(Note: This work is entirely unrelated to the setting by the same name in the main section of the wiki.)
Paradise is the working title of an unpublished (and largely unwritten) book by troper Dry Ice.
In the mid-1500s, a Venetian man named Niccolò passed away. A devout Catholic and a benevolent and dear figure in his community, he's welcomed into Heaven with open arms.
Skip to about 500 years in the future.
Niccolò has been living in Heaven for centuries. Motivated by boredom, restlessness, and crushing loneliness, he's developed a habit of sneaking out of the Christian heaven and into the neighboring heavens of other religions. He finds the change of scenery interesting, even if nobody in these other heavens ever notices him. One day, he decides to go on the ultimate adventure and see what Hell is like. Upon his arrival, he's immediately noticed by a small but rather scary-looking passerby, who marches up to him with the fire of the devil in his eyes... and invites him to come meet his friends and have a drink.
And that is how Niccolò meets Kęstas.
So begins a strange friendship and series of strange adventures. Niccolò soon discovers that while Hell is far from a party, it's not the tortuous pits of fire that he expected. As long as you feel regret, you're safe from the flames (though Kęstas claims that the regret hurts worse than the fire does.) And for Niccolò, who had grown sick of the morally perfect self-righteousness that pervaded in Heaven, the unassuming, flawed people of Hell are like fresh air for his soul.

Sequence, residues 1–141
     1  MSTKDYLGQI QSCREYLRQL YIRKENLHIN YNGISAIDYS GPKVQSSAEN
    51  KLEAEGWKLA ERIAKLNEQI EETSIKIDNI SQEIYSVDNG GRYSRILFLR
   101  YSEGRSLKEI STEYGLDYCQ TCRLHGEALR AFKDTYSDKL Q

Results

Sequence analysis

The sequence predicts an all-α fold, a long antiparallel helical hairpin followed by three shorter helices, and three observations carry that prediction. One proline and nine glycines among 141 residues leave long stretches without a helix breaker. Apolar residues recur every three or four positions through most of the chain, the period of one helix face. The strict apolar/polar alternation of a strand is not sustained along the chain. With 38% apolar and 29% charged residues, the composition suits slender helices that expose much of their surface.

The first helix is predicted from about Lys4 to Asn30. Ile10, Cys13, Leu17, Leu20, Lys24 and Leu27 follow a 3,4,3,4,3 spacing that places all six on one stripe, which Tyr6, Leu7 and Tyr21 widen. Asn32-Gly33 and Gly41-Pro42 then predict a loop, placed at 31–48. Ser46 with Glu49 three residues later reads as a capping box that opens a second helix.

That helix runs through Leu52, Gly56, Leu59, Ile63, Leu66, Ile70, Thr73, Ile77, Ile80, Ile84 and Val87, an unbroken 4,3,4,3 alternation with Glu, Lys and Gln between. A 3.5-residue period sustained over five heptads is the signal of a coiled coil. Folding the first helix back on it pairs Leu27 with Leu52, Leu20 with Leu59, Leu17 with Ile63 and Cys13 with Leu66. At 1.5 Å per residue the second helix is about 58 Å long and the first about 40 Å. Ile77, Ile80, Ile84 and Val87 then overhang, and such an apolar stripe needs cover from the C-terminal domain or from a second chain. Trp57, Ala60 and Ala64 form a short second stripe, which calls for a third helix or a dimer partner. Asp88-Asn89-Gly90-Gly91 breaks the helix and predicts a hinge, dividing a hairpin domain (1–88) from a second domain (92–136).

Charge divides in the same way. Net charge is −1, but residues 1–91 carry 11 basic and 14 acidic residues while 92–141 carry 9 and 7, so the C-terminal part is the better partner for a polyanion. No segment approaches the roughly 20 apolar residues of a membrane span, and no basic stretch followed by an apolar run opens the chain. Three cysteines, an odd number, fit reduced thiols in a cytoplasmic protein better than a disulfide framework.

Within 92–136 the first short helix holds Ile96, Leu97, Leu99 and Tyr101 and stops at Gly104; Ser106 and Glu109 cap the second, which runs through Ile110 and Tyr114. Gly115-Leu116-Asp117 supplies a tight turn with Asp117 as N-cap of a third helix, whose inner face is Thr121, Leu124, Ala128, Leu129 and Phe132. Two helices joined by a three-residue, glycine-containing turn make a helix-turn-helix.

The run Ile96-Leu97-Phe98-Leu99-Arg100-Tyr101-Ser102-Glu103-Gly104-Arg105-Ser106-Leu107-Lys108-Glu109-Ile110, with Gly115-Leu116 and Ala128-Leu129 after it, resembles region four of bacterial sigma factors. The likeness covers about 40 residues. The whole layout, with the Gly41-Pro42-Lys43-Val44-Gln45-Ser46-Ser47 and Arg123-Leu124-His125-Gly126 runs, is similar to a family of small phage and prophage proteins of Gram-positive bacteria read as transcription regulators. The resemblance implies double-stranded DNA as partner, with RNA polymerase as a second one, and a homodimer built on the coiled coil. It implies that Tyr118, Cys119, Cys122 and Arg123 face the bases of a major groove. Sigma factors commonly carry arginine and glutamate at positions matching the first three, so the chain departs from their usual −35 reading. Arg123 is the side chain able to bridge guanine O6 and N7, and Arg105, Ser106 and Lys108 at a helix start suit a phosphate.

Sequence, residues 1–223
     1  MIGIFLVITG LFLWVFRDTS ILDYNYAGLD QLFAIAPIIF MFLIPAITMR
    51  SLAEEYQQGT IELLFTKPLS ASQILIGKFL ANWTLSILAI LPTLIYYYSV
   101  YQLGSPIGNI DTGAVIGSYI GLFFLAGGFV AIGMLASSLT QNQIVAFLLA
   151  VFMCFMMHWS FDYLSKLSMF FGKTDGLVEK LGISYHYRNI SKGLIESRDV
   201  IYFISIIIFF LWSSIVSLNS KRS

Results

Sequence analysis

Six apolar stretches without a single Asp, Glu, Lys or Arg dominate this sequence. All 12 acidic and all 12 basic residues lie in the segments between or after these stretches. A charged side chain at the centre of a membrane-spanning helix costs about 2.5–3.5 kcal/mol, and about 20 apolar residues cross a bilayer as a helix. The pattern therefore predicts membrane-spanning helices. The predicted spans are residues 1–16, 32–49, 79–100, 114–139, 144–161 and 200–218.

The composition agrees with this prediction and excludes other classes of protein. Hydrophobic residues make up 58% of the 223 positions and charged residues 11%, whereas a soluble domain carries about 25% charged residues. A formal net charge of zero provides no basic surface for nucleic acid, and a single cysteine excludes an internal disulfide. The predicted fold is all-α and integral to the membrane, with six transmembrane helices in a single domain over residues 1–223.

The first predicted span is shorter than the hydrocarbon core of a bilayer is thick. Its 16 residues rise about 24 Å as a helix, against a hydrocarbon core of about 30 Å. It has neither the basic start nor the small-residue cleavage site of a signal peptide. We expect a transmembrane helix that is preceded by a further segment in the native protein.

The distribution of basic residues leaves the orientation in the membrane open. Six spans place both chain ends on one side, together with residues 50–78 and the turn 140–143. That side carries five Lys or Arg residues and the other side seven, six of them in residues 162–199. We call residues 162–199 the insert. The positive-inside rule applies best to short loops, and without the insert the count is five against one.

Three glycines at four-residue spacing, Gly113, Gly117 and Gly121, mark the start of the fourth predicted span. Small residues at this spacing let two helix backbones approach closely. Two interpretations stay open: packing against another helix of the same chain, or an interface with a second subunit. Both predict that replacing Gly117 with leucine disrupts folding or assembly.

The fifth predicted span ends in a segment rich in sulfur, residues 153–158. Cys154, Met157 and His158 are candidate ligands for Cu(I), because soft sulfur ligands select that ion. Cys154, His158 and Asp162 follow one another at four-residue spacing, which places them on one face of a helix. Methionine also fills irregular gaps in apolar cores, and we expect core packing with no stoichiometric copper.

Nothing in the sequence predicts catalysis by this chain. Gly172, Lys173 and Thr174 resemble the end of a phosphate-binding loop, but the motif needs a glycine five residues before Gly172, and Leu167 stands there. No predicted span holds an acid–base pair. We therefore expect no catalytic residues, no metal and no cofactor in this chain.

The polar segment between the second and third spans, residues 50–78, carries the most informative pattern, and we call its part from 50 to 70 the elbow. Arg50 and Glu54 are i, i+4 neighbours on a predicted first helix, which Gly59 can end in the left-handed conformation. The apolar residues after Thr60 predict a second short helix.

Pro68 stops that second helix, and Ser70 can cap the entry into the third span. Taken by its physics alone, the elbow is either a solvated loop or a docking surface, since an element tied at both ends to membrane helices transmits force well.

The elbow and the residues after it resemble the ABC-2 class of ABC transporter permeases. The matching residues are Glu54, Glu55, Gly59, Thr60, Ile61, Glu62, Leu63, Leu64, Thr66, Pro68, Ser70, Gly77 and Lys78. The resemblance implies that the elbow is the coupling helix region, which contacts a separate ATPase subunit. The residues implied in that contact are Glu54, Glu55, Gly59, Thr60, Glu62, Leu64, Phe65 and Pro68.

But little do Niccolò and Kęstas know that the gods know full well what's happening, and decide that something must be done about it. In the end, Niccolò must choose between sinless perfection and good old humanity.
Paradise provides examples of the following tropes:
- A Hell of a Time: Sort of. Hell isn't a giant party. Its residents have to put up with a lot of crap. You must either feel regret or burn, you have to work, the food sucks, and the whole place is generally kind of dreary. Many people would probably prefer Heaven. But Niccolò enjoys it there, because in Hell he can connect with people as he did on Earth and as he can't in Heaven.
- Broken Smile: Kęstas can do a nice one....
- Celestial Bureaucracy: Not terribly overt, but still present. Especially so in Hell, where the residents are left almost to their own devices because nobody really cares enough about them to do anything.
- Christianity is Catholic: Niccolò is Catholic. He lives in Heaven and speaks Italian. On the rare occasion that he meets a Protestant or Eastern Orthodox he can converse with, he sometimes slips up and forgets the differences between their religions.
- Circles of Hell: Hell is an enormous place — the less honorable afterlives of all sorts of religions have been smashed together into one realm.
- Common Language: Hell has one — nobody knows what language it is, but everyone speaks it with a ridiculous accent.
- Heaven, on the other hand, does not. Therefore, Niccolò (an Italian) is very surprised that he and Kęstas (a Lithuanian) can understand each other.
- Conflicting Loyalty: Niccolò.